The Man Don’t Give a Fuck

 

The myth goes like this: in Persia, the rugmakers cannot make their beautiful geometrical designs without inserting a flaw somewhere, as only Allah can achieve perfection. Regardless of the fact that this idea was first thought up in the forties, and even the best rugmakers are likely to make small mistakes in their extremely complex patterns anyway, it is this little ‘factoid’ that drew me to Mit Senoj’s ‘Chaos & Order’ pencil on paper series. Senoj’s intricate and highly detailed patterned drawings are defaced by harsh pencil markings across the entire length. The second, more aggressive of the two pictures has the words ‘U FUCKER’ written across the top. Between the two Chaos & Order drawings is his pencil and ink piece ‘Skin Deep’, which makes an eyecatching triptych when first entering the Motorcade/FlashParade’s main gallery space in Bristol.

The Man Don't Give a Fuck review
The Man Don’t Give a Fuck
Various Artists
Motorcade/FlashParade, Bristol

Neil McNally’s ‘Elephant’ on the nearside wall is also just as eye-catching. In this oil painting, a man looks nonplussed into the distance, even though he’s flying low and has let his nether regions slip out of his jeans. Along with the figure’s manhood being several shades darker than his face, the figure’s pockets have been turned inside out, adding a certain pachydermal quality to the view below his belt. In this one act, we can see not only the reason for the picture’s title but also the reason for the title of the show itself. Disruptive yet playful, all works selected for this show are edgy, with many being darkly comic – it is indeed not only the fact that all nineteen artists are Welsh that links them together.

This idea of disruption and playfulness was not better exemplified in Megan Broadmeadow’s performance piece, ‘Ewe Ain’t Seen Nothing Yet’. A humorous take on that most crude of Welsh stereotypes, Broadmeadow dresses as a sheep and performs a striptease in costume. The whole performance (to N.E.R.D’s ‘Lapdance’, as far as I could tell) ends in Broadmeadow’s ewe getting the audience to shear her in the gallery.

Along with Broadmeadow’s piece, there was also a more implicit performance to counterbalance this explicit display. Tiff Oben’s ‘Chavette’ sees her dressed up as a member of the self-prophesying underclass. She skulks the room, looking like she is waiting for someone to turn up, or maybe to blend into the background enough so that she can steal someone’s mobile phone. Please do pardon me for being your stereotypical art-going snob, but this delicate display had me at one point wondering whether this was actually a performance or someone who had got lost on the way to Knowle West. This isn’t to say that Oben was a victim of her own success, but it rather shows the whole point of Oben’s achievement: the underprivileged have indeed become the objects of fear and ridicule in the national psyche, and my attitude towards her only goes to show that her successful piece raises important questions about identity, ignorance and prejudice.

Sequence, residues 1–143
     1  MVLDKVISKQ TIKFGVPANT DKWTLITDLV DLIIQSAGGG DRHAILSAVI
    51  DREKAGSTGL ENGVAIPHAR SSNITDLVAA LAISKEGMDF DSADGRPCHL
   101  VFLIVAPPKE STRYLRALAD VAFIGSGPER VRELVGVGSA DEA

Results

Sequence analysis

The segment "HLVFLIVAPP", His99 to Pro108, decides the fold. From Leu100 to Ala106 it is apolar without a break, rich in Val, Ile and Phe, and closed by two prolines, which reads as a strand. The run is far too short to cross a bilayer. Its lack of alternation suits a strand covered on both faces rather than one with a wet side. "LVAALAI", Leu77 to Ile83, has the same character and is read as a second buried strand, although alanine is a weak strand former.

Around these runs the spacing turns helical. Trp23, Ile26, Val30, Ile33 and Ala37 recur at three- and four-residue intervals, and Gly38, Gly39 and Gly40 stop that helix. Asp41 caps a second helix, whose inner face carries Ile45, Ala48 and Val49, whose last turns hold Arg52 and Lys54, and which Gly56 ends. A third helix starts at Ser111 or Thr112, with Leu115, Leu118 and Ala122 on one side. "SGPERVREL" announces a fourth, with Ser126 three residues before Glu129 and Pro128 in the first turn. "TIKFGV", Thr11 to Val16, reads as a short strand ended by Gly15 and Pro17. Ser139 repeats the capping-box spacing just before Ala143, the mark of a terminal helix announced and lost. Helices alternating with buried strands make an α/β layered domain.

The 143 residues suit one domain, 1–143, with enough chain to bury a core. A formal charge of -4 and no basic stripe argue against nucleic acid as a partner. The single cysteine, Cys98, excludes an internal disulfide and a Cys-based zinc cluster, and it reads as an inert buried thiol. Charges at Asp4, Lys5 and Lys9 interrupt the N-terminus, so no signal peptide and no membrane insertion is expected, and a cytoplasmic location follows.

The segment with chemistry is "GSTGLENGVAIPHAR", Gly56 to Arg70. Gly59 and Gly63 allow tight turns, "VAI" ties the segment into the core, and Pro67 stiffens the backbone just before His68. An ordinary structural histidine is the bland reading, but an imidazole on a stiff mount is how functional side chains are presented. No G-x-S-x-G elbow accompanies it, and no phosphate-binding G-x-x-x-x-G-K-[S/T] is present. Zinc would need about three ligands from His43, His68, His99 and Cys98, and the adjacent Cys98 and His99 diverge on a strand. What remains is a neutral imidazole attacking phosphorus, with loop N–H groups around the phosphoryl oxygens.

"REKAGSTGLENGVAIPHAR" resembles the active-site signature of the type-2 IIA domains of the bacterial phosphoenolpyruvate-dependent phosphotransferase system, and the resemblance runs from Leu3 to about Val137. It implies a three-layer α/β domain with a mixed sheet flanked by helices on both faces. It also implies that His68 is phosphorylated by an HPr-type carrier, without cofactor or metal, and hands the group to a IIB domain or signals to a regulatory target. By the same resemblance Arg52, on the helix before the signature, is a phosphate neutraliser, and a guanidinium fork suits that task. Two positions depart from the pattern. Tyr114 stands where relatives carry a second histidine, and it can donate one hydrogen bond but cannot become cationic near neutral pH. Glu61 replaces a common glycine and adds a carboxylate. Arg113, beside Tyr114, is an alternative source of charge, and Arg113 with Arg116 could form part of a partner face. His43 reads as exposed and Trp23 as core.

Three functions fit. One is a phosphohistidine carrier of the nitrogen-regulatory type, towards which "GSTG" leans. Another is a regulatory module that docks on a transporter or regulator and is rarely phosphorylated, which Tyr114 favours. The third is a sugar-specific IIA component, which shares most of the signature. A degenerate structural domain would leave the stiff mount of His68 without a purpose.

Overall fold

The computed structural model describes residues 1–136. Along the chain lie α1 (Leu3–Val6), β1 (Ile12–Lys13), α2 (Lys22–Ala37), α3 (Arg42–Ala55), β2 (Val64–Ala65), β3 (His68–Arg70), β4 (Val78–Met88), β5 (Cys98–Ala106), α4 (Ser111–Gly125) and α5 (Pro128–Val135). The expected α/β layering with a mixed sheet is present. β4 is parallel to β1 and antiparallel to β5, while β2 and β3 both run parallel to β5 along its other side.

Blending in ignorance and humour is Miranda Whall’s ’11th Day’. Here, the artist/performer sits on the counter of a DIY stall. Every time a customer approaches, she pulls down her trousers and ‘grooms’ herself, amongst doing other private acts which would be considered highly personal, while paying no attention to the stallholder or his customers. The reaction of the customers could not be more different from that of the viewers in the art space – the customers, these big burly men who quite naturally wouldn’t look out of place on a building site, would act as if she wasn’t there; they would try their best not to notice and to get out of her vicinity as soon as possible. On the other hand, the viewers in the art space seemed equally shocked and delighted at this audacity of breaking such social taboos in such an extreme way.

I did notice however that this piece dates from 2004; this makes it the oldest piece of work in the show by far. I never got the chance to meet Miranda Whall so I never had the chance to ask her why it took her so long to put the piece up for exhibition. I also made the mistake of not asking the curators about this decision either – although I’m pretty sure that the title of this show will tell you what they would think of my surmising. And it doesn’t by any means take away from what is a provocative, challenging yet extremely good work of art – it is just something I would have liked to have asked about.

Another piece that got people talking was Tom Goddard’s From ‘Ape to Adam to Apocalypse’. This is a series of hand-drawn posters referencing various cultural highlights and lowlights from individual years; the great thing about these is they could entertain you all night trying to get every single one. This is not to say that they are lowbrow (not that there would be anything wrong with that); the level of detail and the thought that has gone into each picture is impressive. Goddard has made these pictures according to the rules set out in the Golden Ratio – this is an algebraically-proportioned rectangle that gives the most aesthetic pleasure to the eye, and Goddard places figures accordingly around the points of this rectangle. Each picture seems to be a response to the prevalence of information we have at our fingertips, or at least at our computers, and Goddard, as the artist, can decide both aesthetically and ethically what information to put in and to leave out. For instance, in the picture for the year 1954 there is a giant picture of Godzilla – Goddard could have chosen Joseph McCarthy, or Waruhiu Itote, the captured leader of the Mau Mau for the main picture – however, I refer you once again to the title of this show for your answer to this suggestion.

Images from the exhibition